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No. 96: Nov-Dec 1994

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The "kites" or "keyhole" structures of the middle east

Thousands of walled structures decorate the deserts and plains of the Middle East. Most are V-shaped terminating in a cul de sac studded with large rock piles. (See illustration.) Most of the wall arms are 300-3,000 meters long. They are constructed of basalt rocks from ancient lava flows. Artifacts found nearby suggest ages of at least 7,000 years. Younger, but very similar, structures have been found in Central Asia.

Kite or keyhole structure of the Middle East
A. Betts of the University of Sydney has been exploring these walls and attempting to discern their purpose. The best explanation seems to be that the ancient inhabitants of the region drove herds of wild animals into the wide mouths of the kites and then slaughtered them when they were trapped at the corral-like ends. The worst explanation is that extraterrestrials built them for some unknown purpose!

(Anderson, Ian; "Prehistoric Prey Met Death through a Keyhole," New Scientist, p. 15, September 24, 1994.)

Comment. Some kite walls extend 30 kilometers (18 miles) and represent a considerable investment of labor. See also: Field, Henry; "Early Man in North Arabia," Natural History, 29:32, 1929. Of course, aliens could have herded ancient humans into the kites. Remember the classic sci-fi story: "To Serve Man"?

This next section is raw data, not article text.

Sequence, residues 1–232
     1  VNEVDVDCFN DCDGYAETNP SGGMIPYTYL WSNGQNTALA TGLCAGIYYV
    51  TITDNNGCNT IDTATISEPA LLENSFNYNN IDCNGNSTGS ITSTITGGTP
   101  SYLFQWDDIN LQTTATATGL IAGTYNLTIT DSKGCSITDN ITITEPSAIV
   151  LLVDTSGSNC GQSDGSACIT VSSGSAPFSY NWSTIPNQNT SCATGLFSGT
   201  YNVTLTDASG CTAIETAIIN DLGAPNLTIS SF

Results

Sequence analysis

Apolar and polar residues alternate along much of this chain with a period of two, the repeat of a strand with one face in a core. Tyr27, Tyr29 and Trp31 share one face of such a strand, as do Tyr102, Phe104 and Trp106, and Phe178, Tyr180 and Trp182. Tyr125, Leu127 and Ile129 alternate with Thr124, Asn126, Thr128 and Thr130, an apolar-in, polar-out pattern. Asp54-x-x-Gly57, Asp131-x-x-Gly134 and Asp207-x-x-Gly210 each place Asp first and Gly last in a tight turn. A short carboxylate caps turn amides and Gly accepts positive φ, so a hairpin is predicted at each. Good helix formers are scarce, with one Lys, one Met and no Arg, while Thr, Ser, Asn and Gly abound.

From Science Frontiers #96, NOV-DEC 1994. 1994-2000 William R. Corliss

Science Frontiers Sourcebook Project Reviewed in:


  • "A sourcebook of unexplained phenomena is therefore a valuable addition to a collection of scientific literature. William R. Corliss has provided this in the past with his source books of scientific anomalies in several subjects, and now he has provided it for astronomy. He has done an excellent job of collecting and editing a large amount of material, taken in part from scientific journals and in part from scientific reporting in the popular or semi-scientific press." -- "The Mysterious Universe: A Handbook of Astronomical Anomalies", reviwed by Thomas Gold, Cornell University, in Icarus, vol.41, 1980

  • "An interesting, systematic presentation of unusual weather [..] This book is recommended for a general audience" --"Corliss, William R., Tornados, Dark Days, Anomalous Precipitation, and Related Weather Phenomena, Sourcebook Project, 1983.", revieweed in Choice, September 1983
  • "..the science is necessarily somewhat speculative, but Corliss's symthesis is based on reputable sources." -- "Corliss, William R. (Compiler). Lightning, Auroras, Nocturnal Lights, and Related Luminous Phenomena" reviwed by Joseph M. Moran, Univ. of Wisconsin in Science Books and Films, Sep/Oct 1983

  • "Before opening the book, I set certain standards that a volume which treads into dangerous grounds grounds like this must meet. The author scrupulously met, or even exceeded those standards. Each phenomenon is exhaustively documented, with references to scientific journals [..] and extensive quotations" -- "Book Review: The moon and planets: a catalog of astronomical anomalies", The Sourcebook Project, 1985., Corliss, W. R., Journal of the Royal Astronomical Society of Canada, Vol. 81, no. 1 (1987), p. 24., 02/1987